VACV-WR by the i.n. route. Mice were monitored for weight loss
for 5 days and organs were isolated to measure viral load in naı ¨ve
and immunized mice. While naı ¨ve mice rapidly lost weight and
appeared moribund on d5, mice immunized with both doses of
vGK5 did not lose significant weight (Fig. 6A). Viral titers at day 5
post challenge were significantly reduced in the lungs (Fig. 6B) and
ovaries (Fig. 6C) of mice immunized with 106and 104.5of vGK5
compared to unimmunized groups.
Using a murine model, we assessed the immunogenicity of a
recombinant VACV that was engineered to lack a known virulence
Figure 4. Immune responses following infection by the tail scarification and i.p. routes. Mice were infected with 16106PFU VACV-WR or
vGK5 by the i.p. and t.s. routes. (A) Lung lymphocytes and splenocytes obtained from mice (n=4 mice/group except for infection with VACV-WR by
the t.s. route where splenocytes and lung lymphocytes from 2 mice were pooled together) infected 7 days prior were stained with B8R20–27tetramer.
The data shown represent frequencies of cells that were tetramer positive within the CD3+CD8+ gate. Each symbol represents the frequency of
tetramer+ T cells obtained in target organs of individual mice; median values are denoted by horizontal lines. (B) Seven days post infection,
splenocytes were isolated and CTL assays were carried out using RMA cells infected with VACV-WR (moi=5), vGK5 (moi=5) at different (E/T) ratios.
Data shown are representative of 2–3 experiments performed for each condition for the i.p. route. (C) PRNT50 antibody titers were measured in sera
of mice immunized 3 months prior with 106PFU of VACV-WR (n=3) or vGK5 (n=4). (D) VACV titers were determined in organs 5 days post infection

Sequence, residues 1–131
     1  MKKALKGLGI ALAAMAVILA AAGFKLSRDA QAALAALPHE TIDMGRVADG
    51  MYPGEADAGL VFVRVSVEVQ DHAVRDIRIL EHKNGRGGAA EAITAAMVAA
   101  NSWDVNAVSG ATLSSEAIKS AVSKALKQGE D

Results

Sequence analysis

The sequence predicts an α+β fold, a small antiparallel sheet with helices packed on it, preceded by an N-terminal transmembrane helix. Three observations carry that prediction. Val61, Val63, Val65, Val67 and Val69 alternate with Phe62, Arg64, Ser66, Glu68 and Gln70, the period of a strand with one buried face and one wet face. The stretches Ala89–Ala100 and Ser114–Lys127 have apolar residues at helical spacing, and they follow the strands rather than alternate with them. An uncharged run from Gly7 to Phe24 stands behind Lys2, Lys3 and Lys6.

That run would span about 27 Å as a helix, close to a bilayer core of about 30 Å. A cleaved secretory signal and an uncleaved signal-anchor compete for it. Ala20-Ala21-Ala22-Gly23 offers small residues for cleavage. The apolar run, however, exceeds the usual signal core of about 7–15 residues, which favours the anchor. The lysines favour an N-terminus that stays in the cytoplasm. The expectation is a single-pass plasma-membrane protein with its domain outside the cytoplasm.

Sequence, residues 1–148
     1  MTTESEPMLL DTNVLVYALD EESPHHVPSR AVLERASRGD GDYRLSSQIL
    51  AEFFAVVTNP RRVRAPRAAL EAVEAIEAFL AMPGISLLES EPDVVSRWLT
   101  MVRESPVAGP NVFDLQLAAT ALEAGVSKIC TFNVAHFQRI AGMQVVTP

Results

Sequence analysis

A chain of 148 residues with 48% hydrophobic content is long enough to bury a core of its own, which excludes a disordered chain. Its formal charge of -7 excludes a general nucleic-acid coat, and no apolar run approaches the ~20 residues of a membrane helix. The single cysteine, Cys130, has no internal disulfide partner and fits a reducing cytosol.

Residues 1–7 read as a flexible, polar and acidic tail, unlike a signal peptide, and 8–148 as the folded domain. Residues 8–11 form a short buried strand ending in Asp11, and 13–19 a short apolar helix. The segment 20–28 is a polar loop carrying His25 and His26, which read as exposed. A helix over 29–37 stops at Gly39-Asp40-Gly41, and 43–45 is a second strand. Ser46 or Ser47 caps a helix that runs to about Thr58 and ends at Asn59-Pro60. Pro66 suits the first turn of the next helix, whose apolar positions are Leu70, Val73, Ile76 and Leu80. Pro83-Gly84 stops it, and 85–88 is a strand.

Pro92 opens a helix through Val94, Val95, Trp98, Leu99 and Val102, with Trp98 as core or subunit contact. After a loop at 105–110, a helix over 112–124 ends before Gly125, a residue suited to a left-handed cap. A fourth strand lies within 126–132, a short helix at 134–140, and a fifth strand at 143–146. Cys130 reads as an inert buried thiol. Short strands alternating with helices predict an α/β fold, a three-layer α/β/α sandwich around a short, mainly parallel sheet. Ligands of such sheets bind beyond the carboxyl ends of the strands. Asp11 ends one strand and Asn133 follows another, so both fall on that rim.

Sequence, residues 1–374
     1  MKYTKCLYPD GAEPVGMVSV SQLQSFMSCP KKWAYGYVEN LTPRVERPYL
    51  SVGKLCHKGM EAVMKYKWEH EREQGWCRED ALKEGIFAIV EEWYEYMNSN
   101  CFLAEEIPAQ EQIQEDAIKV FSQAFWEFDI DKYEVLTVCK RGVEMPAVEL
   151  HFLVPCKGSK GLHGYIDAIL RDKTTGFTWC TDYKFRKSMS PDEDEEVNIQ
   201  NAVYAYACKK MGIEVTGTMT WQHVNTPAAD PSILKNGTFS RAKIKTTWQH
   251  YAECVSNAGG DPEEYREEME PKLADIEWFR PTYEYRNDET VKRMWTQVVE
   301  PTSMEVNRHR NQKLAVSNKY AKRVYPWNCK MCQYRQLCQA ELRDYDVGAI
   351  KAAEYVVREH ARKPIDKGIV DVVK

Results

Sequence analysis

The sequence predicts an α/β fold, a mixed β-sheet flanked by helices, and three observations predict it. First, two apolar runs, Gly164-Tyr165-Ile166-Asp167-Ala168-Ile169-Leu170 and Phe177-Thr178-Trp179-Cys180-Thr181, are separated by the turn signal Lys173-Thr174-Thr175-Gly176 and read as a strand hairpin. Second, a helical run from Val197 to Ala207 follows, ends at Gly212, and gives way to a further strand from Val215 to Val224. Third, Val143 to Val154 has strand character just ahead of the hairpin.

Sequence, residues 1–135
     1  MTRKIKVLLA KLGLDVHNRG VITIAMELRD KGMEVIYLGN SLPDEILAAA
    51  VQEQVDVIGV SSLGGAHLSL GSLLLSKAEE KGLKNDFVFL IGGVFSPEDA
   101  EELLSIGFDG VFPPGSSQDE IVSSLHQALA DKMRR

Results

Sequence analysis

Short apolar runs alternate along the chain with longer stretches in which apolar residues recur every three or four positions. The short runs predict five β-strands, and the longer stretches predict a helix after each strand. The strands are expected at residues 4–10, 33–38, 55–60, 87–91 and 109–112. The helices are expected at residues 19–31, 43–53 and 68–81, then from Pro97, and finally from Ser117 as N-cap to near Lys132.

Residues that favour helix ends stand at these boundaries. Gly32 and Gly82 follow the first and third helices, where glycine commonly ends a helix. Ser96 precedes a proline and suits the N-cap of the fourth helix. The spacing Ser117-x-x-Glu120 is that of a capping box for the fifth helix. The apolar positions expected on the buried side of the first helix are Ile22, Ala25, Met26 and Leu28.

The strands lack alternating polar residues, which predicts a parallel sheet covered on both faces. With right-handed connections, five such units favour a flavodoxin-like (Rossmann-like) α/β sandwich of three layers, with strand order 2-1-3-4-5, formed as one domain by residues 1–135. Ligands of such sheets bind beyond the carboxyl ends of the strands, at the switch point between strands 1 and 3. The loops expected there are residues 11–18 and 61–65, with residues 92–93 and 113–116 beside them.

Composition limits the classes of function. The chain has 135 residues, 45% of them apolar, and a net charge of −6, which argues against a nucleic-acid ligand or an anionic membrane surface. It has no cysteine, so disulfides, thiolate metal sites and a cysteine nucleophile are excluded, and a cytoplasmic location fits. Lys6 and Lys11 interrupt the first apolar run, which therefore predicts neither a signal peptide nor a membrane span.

by the i.p. route and expressed as log10PFU per gram of lung and spleen tissue and PFU/ovary. – represents median values of titers in respective
organs. N.S.=Not significant. P values were determined by Student’s t test.
Immune Response to Vaccinia
PLoS ONE | www.plosone.org5 October 2008 | Volume 3 | Issue 10 | e3323
determinant of VACV, the N1L gene. Mice infected with sublethal
doses of the attenuated vGK5 virus by the i.n., tail scarification, and
i.p. routes had high frequencies of activated antigen-specific CD8 T
cells in both mucosal and systemic sites. In addition, mice infected
with vGK5 had levelsof VACV-specific antibodies 3–5 months after
immunization which were similar to levels elicited in mice
immunized with VACV-WR. Our results indicate that the
attenuated vGK5 virus, though more attenuated in vivo, is still
immunogenic and able to elicit robust T as well as B cell responses.
The lung is the major portal of entry and transmission for
variola virus, the etiologic agent of smallpox. Therefore it is critical
to assess vaccination strategies that lead to robust cell mediated
immunity in pulmonary as well as extrapulmonary tissues. VACV
inoculation by the i.n. route has been used as a model that more
closely approximates the route of infection with natural variola
(smallpox) virus infections in humans; at high doses of VACV-WR
i.n., mice develop fatal lung disease with high viral titers in lung
tissue and the brain [6,21]. Our data suggest that the N1L protein
limits the strength and magnitude of the CD8 T cell immune
response during acute intranasal VACV infections since deletion
of the N1L gene allows mice infected with the attenuated virus to
respond with a robust CD8 T cell response.
Recently two groups solved the structure of N1L which has
striking homology to the Bcl-2 family of antiapoptotic genes
[17,18]. In vitro, the N1L protein inhibits NF-kB signaling after
IL-1, TNF-a, LT-b, and TLR stimulation . Under normal
conditions, NF-kB is an antiapoptotic transcription factor and
therefore inhibition of NF-kB signaling under these conditions
could induce programmed cell death . Replication of the N1L-
deleted virus in cell culture has however been found to be
indistinguishable from a wildtype as well as a revertant virus .
We hypothesize that the Bcl-2-like structure of N1L reconciles the
observed lack of positive or negative effect on cell survival in vitro
following N1L expression, with its otherwise fatal NF-kB inhibitory
Graham et al recently confirmed that transfected N1L DNA
inhibited IL-1 and TRAF 6 signaling to NF-kB . Vaccinia
virus proteins A52 and B14 share a Bcl-2-like fold but have